Jeffries situates the agenda of the ONOI within the history of racial oppression as well as gendered exclusion, and provides valuable insight into and critique of the black power movement as male-centric.
Despite these concerns, though, all three authors are to be commended for ensuring that the recollections and voices of these women are not lost to history--especially urgent in the case of the earliest generation of ONOI women.
Chapter 1 chronicles women in the pre-1975 ONOI, during the leadership of W.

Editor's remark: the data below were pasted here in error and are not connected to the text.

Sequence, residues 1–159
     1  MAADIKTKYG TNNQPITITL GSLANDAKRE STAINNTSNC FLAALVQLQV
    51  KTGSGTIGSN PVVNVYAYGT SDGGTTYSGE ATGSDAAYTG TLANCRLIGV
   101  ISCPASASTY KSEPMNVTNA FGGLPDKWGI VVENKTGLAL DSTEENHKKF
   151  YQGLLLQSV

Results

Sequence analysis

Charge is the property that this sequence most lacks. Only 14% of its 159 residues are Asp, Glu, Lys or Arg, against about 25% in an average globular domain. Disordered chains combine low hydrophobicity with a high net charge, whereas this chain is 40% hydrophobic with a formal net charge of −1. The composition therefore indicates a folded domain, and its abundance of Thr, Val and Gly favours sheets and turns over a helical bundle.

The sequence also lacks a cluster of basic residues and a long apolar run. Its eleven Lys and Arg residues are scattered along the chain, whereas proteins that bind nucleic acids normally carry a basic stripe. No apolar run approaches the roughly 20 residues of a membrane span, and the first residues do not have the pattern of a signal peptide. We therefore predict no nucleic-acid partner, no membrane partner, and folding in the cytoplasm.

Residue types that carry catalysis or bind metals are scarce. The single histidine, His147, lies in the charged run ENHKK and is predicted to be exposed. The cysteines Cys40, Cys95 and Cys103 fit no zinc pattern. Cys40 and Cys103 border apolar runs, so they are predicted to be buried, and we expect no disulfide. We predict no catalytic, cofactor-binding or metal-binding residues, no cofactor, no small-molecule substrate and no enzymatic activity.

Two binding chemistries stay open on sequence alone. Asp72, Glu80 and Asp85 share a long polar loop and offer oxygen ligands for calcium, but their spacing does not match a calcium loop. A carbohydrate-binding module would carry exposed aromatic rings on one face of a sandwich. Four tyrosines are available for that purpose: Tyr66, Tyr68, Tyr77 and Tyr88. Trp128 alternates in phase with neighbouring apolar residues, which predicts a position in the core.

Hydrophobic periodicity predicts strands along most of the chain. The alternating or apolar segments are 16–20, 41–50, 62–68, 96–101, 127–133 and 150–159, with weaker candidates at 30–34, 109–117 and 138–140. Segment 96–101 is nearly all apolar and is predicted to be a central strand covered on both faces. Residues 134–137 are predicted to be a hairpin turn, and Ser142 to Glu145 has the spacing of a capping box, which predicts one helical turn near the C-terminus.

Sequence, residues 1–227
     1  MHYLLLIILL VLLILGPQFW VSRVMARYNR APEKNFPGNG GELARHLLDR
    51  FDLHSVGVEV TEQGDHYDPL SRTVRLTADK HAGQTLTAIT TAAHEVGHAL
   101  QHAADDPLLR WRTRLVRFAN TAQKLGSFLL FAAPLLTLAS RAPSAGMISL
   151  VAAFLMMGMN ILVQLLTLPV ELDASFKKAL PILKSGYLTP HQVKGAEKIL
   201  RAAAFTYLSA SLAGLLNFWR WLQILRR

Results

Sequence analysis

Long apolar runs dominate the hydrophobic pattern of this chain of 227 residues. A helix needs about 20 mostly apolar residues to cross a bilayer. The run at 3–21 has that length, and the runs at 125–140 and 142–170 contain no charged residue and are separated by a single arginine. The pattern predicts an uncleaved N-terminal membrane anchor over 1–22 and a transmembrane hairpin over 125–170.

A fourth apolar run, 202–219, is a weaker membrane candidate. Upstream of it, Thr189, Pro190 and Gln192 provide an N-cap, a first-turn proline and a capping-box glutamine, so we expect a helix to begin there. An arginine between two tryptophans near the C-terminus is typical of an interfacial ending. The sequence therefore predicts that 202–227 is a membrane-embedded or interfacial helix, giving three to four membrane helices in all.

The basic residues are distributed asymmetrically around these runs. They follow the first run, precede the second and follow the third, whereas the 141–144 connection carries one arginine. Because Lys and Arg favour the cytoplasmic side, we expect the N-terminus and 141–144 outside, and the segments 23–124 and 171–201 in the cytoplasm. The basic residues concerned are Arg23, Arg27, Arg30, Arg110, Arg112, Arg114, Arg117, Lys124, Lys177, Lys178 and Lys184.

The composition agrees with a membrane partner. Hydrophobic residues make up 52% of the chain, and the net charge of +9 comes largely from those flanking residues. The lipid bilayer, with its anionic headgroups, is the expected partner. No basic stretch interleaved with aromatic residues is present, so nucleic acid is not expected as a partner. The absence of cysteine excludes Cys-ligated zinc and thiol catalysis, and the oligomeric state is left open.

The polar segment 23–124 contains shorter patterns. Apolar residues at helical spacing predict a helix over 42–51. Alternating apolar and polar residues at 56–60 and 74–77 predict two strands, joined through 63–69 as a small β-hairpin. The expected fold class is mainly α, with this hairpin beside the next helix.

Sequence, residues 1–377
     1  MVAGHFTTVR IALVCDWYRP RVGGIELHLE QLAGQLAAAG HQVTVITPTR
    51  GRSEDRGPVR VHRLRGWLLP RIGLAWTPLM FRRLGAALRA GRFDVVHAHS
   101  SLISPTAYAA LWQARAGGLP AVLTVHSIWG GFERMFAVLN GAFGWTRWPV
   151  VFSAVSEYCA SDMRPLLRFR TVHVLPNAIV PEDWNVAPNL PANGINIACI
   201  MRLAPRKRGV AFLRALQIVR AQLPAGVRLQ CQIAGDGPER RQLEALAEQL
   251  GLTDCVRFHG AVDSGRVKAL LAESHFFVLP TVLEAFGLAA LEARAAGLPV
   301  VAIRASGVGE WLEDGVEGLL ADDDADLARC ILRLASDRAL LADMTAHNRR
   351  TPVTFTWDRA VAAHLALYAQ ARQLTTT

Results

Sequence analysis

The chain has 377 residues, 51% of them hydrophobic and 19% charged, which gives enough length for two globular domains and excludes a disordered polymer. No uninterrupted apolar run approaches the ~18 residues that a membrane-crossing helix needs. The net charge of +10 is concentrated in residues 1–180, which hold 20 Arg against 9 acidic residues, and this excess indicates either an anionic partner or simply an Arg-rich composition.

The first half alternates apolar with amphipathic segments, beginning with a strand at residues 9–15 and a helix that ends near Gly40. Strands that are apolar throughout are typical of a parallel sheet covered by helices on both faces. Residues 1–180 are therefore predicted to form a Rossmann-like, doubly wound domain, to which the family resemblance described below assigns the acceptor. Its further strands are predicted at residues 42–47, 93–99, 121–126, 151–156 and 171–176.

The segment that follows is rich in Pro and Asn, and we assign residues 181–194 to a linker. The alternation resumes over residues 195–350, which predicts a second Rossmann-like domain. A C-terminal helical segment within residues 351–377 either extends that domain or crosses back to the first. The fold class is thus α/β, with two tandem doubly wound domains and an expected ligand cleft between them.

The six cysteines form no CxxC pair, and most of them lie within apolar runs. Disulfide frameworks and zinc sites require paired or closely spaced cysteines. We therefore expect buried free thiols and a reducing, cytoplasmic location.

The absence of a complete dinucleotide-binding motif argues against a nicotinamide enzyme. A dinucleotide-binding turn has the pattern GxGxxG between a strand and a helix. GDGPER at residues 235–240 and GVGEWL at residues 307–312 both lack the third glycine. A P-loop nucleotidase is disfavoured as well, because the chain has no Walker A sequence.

Karim and Gibson note that these changes were accepted by many members because they were gradual, especially in terms of gender norms, building on the previous roles and contributions of women as leaders and activists in the ONOI.
A small but significant concern of mine is with Jeffries' use of the term "sect" to describe the ONOI. As a scholar of religion, I worry that this term may place the ONOI outside the boundaries of "orthodoxy" or an (imagined) Muslim mainstream.
There has, until now, been a gap in our knowledge of the Original Nation of Islam (ONOI, the movement of the 1950s through the mid-1970s, as distinguished from the reconstituted Nation of Islam led by Louis Farrakhan since the early 1980s) and the African American Muslim organizations that followed: the roles and significance of women.